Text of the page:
Encrypting your files is not enough for ransomware operators anymore

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Ransomware attacks have become a trend in the malware world, and they are a goldmine for their operators. The usual modus operandi was to gain initial access, steal credentials to be able to perform internal recon and lateral movement and then deploying ransomware to encrypt valuable company data. If the victim had ineffective backup and disaster recovery policies, there was a high probability of paying the ransom in order to obtain the decryption key.

Common sense would suggest that the attackers will be gone from the network right after deploying the ransomware in order to not get caught. But recent cases involving operators of Maze Ransomware have proven otherwise. It is nothing new that, after the initial infection, ransomware operators begin to steal data from their victims as a backup plan in case the victim is hesitant to pay the ransom. If they do not pay, the gang will threaten to publish sensitive or personally identifiable information online, thereby exposing the victim to possible large fines from the regulators or sell the data on black market. 

According to The Infogram by the EMR-ISAC on June 25, 2020, Maze operators brought this to the next level, exposing victim’s internal reports of their own ongoing ransomware attack. This information proves that the operators had presence in the victim’s network while being investigated and contained. They were able to spy on their communications and monitor their incident response efforts. 

Post-Ransomware Threat Hunting

LIFARS is offering new and innovative service for the victims of ransomware attacksFind out if your infrastructure is still controlled by adversaries after you contained the imminent ransomware threat.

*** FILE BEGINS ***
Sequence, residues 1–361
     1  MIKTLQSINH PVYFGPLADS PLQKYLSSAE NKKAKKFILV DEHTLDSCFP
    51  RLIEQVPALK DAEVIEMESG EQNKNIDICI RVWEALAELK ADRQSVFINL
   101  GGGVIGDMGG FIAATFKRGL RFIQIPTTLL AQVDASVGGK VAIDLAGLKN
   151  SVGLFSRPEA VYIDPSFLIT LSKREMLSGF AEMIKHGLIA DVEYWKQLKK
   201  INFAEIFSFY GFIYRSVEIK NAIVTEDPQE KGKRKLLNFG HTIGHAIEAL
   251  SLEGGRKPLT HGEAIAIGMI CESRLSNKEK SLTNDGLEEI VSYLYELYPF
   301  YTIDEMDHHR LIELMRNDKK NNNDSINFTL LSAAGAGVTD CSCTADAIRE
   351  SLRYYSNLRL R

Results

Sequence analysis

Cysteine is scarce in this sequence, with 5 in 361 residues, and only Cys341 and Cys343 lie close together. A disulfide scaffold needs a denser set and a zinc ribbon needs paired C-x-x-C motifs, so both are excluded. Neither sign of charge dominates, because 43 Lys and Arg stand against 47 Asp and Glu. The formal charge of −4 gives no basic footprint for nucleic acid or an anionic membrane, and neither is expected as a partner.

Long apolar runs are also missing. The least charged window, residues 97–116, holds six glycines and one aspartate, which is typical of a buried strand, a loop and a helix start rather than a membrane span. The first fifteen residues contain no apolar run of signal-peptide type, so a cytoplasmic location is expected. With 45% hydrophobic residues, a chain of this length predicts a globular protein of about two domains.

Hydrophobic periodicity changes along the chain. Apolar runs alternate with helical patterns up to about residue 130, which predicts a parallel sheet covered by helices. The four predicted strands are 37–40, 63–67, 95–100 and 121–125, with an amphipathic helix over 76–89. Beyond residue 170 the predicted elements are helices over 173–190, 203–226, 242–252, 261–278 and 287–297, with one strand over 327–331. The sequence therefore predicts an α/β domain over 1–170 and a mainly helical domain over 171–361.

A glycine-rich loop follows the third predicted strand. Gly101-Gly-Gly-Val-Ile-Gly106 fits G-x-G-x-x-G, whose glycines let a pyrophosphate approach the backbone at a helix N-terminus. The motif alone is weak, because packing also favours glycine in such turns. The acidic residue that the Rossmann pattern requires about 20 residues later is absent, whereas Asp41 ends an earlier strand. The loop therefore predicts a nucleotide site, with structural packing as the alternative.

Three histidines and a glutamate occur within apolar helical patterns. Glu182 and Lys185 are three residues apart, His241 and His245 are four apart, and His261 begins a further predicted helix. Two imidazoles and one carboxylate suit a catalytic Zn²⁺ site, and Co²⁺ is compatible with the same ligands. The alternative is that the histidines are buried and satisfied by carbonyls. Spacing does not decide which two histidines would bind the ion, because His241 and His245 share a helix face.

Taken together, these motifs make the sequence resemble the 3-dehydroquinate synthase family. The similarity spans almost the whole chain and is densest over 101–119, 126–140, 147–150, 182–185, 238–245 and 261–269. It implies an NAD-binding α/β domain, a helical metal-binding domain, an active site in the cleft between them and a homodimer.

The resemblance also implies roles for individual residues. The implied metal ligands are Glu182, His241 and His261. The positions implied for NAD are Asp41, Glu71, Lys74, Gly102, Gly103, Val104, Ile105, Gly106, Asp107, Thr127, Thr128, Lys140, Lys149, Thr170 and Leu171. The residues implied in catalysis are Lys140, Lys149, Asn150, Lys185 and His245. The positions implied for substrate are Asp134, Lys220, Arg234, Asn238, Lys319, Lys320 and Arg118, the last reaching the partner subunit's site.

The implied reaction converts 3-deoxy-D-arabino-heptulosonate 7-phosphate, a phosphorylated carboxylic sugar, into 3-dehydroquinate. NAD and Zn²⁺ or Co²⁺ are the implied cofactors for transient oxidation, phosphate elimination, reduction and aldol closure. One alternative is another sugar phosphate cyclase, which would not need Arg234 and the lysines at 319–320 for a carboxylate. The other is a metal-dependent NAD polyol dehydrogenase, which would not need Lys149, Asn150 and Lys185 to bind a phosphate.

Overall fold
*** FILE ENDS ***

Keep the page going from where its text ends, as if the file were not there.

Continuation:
LIFARS is offering new and innovative service for the victims of ransomware attacksExperience shows that even after successful containment and eradication of ransomware, operators of Ryuk, Maze and other ransomware strains remain hidden in the network preparing for re-infection, re-deployment or data theft. Therefore, there is a growing need to detect this threat after the imminent ransomware incident is handled.

The presence of the adversary can be detected in several ways. The victim should perform in-depth log analysis by detecting Indicators of Compromise (IoCs) and behavioral patterns in the infrastructure, mainly on domain controllers, firewalls, and security devices. In addition, endpoint and network threat hunting are required to search for evidence of attackers’ Tactics, Techniques, and Procedures (TTPs) and IoCs. To detect the presence of compromise the victim should also employ threat intelligence and dark web threat hunting by performing targeted clear and dark web searches to uncover possible data leaks.

Ransomware is here to stay, and its operators are getting better and bolder. If it is not in your risk register, the time has come to probably revise it. There are some preventive measures that can be implemented.

One such control is a security feature called “Controlled folder access” and comes as part of Windows Defender Exploit Guard. In addition, strong incident response capabilities coupled with business continuity and disaster recovery plans, including backups, can save you a lot of stress. Performing exercises can bring confidence and peace of mind knowing that everyone is aware of what their role during such crisis.


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